Does your workplace pension offer you the best value?

2 June 2020

Auto-enrolment means millions more workers now have pensions – but are they any good? We look at what you can do to improve your options.


Since auto-enrolment began in 2012 over 10 million more workers have saved into a pension. But how good are these workplace pensions and what are your options to tailor them to your individual and changing needs?

Find out what type of pension you have 

If you have been auto-enrolled, it is very likely you have a defined contribution (DC) pension. This means that both you and your employer contribute to your pot. The size of your pension pot in retirement will be determined by how much you and your employer have put into it over the course of your working life, as well as how well the investments have performed. Your contributions are normally taken directly from your salary before it is taxed. 

The other type of pension is defined benefit (DB). This gives you a guaranteed pension income that is not dependent on how much you have put in or investment performance. This older type of scheme is particularly generous as employees don't have to worry about market performance - the employer carries all the risk. As a result, few employers now offer this type. 

You can read more about the different types of workplace pensions and how they work in our guide here.

Your employer may have its own company pension scheme, which it manages itself. Alternatively, it may use a master trust, in which multiple employers pool their assets and resources in one place. In master trusts, each employer has its own division but there is only one board of directors, which allows employers to manage a pension scheme with lower costs and simpler governance.

According to The Pensions Regulator (TPR), the number of people whose pension is saved in a master trust has risen from 270,000 in 2012 to 16 million today – nearly two-thirds of all UK workers (60%).

Benefits you're entitled to: state pension age

Find out how your pension is invested

All pensions are invested in financial markets - it is highly unlikely that any of your pension is sitting in cash.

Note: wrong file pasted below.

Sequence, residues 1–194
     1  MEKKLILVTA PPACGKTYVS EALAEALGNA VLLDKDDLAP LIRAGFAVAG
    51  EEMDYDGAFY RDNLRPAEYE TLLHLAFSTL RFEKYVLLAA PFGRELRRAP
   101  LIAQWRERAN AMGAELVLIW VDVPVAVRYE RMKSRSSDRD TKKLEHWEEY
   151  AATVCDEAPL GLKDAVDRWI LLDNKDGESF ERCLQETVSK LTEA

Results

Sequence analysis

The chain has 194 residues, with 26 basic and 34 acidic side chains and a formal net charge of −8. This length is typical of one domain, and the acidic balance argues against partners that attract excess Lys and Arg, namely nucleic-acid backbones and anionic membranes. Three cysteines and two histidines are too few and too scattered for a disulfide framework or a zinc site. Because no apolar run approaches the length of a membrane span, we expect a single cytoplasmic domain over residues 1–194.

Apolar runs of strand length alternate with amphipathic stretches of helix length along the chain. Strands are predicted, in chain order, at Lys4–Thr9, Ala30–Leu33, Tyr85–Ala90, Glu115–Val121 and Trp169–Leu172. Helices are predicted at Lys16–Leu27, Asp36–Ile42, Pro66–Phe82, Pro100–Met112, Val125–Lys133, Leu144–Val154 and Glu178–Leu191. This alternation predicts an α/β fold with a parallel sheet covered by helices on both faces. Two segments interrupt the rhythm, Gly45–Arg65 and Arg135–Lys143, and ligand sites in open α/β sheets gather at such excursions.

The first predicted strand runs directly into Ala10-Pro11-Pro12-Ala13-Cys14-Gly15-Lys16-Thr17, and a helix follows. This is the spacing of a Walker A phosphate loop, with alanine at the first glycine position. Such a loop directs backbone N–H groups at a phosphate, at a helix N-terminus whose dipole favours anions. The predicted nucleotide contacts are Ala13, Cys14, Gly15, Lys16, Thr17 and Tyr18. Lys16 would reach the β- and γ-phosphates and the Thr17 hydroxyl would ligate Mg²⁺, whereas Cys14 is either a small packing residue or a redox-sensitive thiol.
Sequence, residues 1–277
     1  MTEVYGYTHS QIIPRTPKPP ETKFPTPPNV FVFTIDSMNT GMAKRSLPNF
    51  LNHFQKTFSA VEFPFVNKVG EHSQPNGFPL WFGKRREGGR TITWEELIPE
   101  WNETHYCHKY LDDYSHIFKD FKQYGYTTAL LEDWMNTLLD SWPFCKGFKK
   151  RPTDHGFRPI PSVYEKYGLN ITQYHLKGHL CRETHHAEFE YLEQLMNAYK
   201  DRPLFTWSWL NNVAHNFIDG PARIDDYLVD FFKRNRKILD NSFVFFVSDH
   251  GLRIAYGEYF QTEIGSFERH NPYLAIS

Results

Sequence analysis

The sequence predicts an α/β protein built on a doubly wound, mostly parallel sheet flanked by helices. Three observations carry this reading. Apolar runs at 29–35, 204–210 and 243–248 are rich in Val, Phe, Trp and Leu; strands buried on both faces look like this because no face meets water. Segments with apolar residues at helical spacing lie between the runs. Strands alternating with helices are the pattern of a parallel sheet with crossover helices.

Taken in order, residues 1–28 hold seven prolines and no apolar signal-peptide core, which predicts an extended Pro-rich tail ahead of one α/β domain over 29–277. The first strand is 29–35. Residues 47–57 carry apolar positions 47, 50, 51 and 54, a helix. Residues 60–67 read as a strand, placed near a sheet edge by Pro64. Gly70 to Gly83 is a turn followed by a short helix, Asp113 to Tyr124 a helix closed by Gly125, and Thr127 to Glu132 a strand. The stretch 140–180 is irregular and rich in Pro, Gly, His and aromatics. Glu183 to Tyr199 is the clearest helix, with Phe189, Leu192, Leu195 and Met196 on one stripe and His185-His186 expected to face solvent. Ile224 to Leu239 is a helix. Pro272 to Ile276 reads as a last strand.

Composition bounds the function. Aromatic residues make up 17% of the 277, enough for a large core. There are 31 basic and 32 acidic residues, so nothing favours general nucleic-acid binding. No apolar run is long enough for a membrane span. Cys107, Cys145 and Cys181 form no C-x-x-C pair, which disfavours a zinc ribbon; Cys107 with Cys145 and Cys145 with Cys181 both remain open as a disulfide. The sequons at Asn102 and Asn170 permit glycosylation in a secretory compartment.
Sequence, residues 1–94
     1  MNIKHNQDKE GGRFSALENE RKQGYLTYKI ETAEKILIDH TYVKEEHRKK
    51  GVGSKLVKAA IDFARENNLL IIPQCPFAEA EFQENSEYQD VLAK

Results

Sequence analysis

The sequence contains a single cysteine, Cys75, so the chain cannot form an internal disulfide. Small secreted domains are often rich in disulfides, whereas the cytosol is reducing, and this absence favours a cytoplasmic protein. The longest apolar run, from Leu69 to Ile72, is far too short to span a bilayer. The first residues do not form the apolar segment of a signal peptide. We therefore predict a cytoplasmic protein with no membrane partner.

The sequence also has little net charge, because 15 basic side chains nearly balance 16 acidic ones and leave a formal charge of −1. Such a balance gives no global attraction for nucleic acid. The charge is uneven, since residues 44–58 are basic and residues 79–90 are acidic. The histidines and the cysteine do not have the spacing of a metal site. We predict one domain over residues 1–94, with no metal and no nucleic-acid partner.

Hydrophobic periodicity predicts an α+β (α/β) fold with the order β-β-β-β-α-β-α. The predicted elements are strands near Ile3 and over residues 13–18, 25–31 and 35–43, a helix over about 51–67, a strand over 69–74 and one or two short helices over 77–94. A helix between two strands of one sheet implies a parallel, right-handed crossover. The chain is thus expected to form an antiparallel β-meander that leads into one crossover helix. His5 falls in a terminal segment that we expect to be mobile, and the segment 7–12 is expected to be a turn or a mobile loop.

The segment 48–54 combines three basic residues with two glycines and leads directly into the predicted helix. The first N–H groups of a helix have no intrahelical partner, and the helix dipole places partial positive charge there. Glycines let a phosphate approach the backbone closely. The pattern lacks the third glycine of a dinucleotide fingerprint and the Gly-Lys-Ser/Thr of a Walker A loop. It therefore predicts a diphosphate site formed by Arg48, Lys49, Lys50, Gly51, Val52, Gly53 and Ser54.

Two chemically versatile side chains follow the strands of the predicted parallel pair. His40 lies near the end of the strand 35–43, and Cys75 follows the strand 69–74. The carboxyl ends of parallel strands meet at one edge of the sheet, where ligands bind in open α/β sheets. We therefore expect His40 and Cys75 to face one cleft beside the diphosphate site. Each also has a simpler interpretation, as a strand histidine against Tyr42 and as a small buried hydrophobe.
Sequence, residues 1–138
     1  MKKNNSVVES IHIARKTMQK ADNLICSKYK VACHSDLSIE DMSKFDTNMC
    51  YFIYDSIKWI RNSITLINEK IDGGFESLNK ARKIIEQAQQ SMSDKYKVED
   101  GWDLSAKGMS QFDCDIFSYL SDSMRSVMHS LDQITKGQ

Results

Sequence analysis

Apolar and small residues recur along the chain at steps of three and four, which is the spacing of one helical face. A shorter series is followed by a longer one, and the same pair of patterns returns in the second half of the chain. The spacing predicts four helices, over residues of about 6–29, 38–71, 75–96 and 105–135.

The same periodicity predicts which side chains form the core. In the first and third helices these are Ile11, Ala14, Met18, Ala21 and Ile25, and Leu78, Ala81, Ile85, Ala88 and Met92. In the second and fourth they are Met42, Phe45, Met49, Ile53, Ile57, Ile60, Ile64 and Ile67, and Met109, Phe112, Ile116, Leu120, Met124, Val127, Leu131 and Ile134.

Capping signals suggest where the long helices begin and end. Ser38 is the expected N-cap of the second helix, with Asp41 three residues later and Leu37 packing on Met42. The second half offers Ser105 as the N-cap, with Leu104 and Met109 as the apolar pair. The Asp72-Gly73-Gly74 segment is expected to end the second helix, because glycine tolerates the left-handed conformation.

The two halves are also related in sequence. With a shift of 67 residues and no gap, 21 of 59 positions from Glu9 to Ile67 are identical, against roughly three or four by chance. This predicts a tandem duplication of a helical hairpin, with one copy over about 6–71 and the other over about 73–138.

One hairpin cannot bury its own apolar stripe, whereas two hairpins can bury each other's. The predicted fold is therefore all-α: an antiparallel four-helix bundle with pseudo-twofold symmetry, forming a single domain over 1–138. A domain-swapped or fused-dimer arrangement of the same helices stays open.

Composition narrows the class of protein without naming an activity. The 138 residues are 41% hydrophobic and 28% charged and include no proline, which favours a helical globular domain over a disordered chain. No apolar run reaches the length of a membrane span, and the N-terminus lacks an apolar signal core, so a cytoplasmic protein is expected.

Most pension providers offer you a choice of different funds or groups of funds to invest in. However, the vast majority of pension savers do not actively choose where to invest and so their money is put into a default fund. 

It is a good idea to find out how your money is invested, to ensure it is not languishing in an unsuitable fund.

The default fund will be one-size-fits-all, so will not necessarily take into account your personal circumstances, for example, when you hope to retire, whether you wish to invest ethically, or how much risk you are comfortable taking with your investments. 

Staying in a default fund that does not suit your needs could cost you tens of thousands of pounds in retirement, so it is worth checking and moving if you are not happy. 

Michelle Gribbin, chief investment officer of Profile Pensions, says: “When it comes to planning for retirement, many people aren’t aware that they should regularly review and compare their pensions to ensure they’re getting a good deal.

There are several different things to consider when deciding whether you have a good pension, including charges, investment choice and how you can access your savings."

The default fund that most employees are placed in typically invests around two-thirds of your money in the stock market and uses a ‘glide path’ as you approach retirement, progressively moving your money into safer asset classes. This style of fund is often called a lifestyle fund. 

This system used to work well in the days when most people bought an annuity with their pension pot upon retirement. The logic was that that last thing you want just before cashing in your pension pot is a big market crash that slashes its value. However, these days few people buy an annuity and many keep their pension pots invested well into retirement. Furthermore many people are now working well past the typical retirement age and so will not be spending from their pensions until much later. Therefore it may not make sense to reduce your stock market exposure - and therefore your chance of higher returns - just because you are reaching state retirement age.